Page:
Friday, November 30, 2012

Wisconsin 2

I'm going to do two short posts in a row to get the rest of the Wisconsin pictures out of the way. 

1. Amusement in Wisconsin Dells

We spent most of the second day at Devil's Lake State Park in Baraboo, in the central part of the state, about an hour to 75 minutes from our home base. As it is the most popular of all the Wisconsin State Parks as well as I believe the oldest, it has something of an iconic status there. The lake was similar to the kinds of places we go to at home and unfortunately it was 99 degrees so it was too hot to hike, especially with two babies in backpacks and a five year old, but I still enjoyed it, as I am interested in what people and doing things are like in different places. The beach and picnic area were a lot bigger and much more crowded than you would see in most similar places in New Hampshire or Vermont. The park store sold beer (of the Budweiser/Miller variety) and people were drinking it right out in public all over the place, which I liked, as it reminded me of being in Europe. Usually if you carry a couple of beers into a park in New Hampshire and drink them subtly away from the main paths and without making a spectacle of yourself nobody will harass you but technically I don't think you are supposed to have them. Wisconsin people seem to largely contain whatever rowdiness they indulge in within their private group, and tend not to be confrontational towards strangers, so it was an easy place for me to hang out.

2. Mirror Maze at the Dells

The guys missed going to the Mirror Maze in Tennessee I guess. Wisconsin Dells was about a half-hour up the road from the park and it is a fairly infamous tourist hell/amusement mecca akin to Gatlinburg and Pigeon Forge so we took the children there for a couple of hours because of course these kinds of outrageous places with block upon block of over the top amusements are exciting to them.

3. A Last Wisconsin Dells Picture

4. More Dramatic Prairieland, Seen From Car.

I thought the landscape was quite beautiful and striking there. It had not rained in something like 2 months when we were there and these clouds hovered teasingly over the parched landscape for several hours before  finally letting out about a ten minute shower, which didn't do much. The next day however, there was a quite heavy storm in the afternoon and evening which lasted three or four hours that was much welcomed by the local populus.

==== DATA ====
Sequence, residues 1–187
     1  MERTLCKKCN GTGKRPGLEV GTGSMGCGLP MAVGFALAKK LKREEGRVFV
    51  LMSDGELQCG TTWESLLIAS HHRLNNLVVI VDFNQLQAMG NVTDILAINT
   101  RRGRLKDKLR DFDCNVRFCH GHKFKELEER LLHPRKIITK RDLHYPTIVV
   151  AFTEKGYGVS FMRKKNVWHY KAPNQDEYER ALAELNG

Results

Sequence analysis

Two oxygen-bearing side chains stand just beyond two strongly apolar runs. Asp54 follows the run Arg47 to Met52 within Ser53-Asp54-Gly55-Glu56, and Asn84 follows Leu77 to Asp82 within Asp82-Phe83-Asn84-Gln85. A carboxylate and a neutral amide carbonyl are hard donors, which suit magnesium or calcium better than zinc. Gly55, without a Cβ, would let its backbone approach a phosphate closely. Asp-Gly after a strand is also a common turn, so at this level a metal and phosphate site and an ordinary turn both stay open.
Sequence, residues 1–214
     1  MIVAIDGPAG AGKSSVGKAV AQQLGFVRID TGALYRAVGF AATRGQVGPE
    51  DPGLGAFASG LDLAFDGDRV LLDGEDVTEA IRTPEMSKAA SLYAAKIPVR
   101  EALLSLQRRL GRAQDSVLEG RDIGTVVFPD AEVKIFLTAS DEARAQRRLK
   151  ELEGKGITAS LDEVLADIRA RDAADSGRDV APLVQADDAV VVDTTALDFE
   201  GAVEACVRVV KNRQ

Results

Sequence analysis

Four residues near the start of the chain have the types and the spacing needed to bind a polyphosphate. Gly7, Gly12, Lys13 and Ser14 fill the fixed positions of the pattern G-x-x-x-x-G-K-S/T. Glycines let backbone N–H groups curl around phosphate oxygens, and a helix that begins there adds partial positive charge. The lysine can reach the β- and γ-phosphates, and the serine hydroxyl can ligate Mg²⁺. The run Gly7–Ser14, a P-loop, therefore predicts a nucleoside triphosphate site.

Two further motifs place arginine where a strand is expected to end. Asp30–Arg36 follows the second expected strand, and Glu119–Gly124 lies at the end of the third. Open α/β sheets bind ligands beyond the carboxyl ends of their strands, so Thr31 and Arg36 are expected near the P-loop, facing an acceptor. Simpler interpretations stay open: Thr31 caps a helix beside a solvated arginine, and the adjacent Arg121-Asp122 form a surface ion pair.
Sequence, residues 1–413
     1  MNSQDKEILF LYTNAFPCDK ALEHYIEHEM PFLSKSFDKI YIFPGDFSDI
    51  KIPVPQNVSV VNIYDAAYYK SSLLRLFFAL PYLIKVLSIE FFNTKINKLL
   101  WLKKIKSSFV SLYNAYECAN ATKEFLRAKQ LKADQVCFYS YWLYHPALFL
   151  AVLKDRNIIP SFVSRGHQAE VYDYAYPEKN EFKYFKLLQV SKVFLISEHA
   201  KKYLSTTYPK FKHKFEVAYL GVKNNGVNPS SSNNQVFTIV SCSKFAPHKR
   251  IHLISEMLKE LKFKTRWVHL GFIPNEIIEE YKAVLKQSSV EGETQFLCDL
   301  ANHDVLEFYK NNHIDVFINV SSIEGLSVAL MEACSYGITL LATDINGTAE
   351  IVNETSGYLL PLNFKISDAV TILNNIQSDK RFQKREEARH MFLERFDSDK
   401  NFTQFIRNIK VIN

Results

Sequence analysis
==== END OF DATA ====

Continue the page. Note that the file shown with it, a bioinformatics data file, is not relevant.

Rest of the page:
5. Next Morning, In the Yard Behind Our Rented Historic Farmhouse

I had wanted to find some kind of moderately placed cabin or old style family accomodation such as we had stayed in in Alabama and Tennessee and I was having a hard time, partly because I started so late in the season and partly because there were not a lot of places like that in the area I wanted to stay in (around Madison) as I guess that is not a big area for tourism. But I found this place on a site called and it sounded too good to be true, being an entire house, old (but with completely up-to-date renovations and furnishings) and quite inexpensive, especially by the standards of the northeast. But it was for real, and even in late June there was still a four day block of dates open in mid-July. So it was quite a stroke of luck that we ended up staying here.

6. Background Patio. We Didn't Hang Out Much Out Here Because It Was Still 99 Degrees Every Day.

Mercifully the house had air conditioning. The owners of this house lived in the barn, which had also been most attractively renovated, across the yard. The gentleman was a minister of some kind, I cannot remember the denomination--I don't think it was Lutheran--I believe retired, as he looked to be at least 70. His wife was quite a bit younger, probably somewhere in her 50s. I needed to replace one of my tires, and the man was extremely helpful, and found a place where I could get a decent used one for $40 without getting the usual hassle about I needed to replace all my other ones too. He even went out to the place with me. There was a prominent poster up advertising an upcoming tobacco festival that was sponsored by a cigarette company and all of that, which he stared at rather intently for several minutes so that I thought he was going to be roused to anger and go off on a long declamation about this event, which old people sometimes will do out of nowhere when something agitates them. However after taking in all of the information he merely stepped back and told me that tobacco was the main crop in that part of the state and quite a big deal and how worrisome the ongoing drought was and so on. The bit about tobacco growing being prominent in the area surprised me, but after that I paid closer attention to all the farms we were driving by and indeed it was so.

7. View From the Backyard "Prairie" of the House, Barn and Weathervane.

There is another picture of the weathervane in the next group. It was an awesome weathervane. Nobody in New England seems to have anything like it. I don't know why.

8. Flower Identification is Not My Strong Suit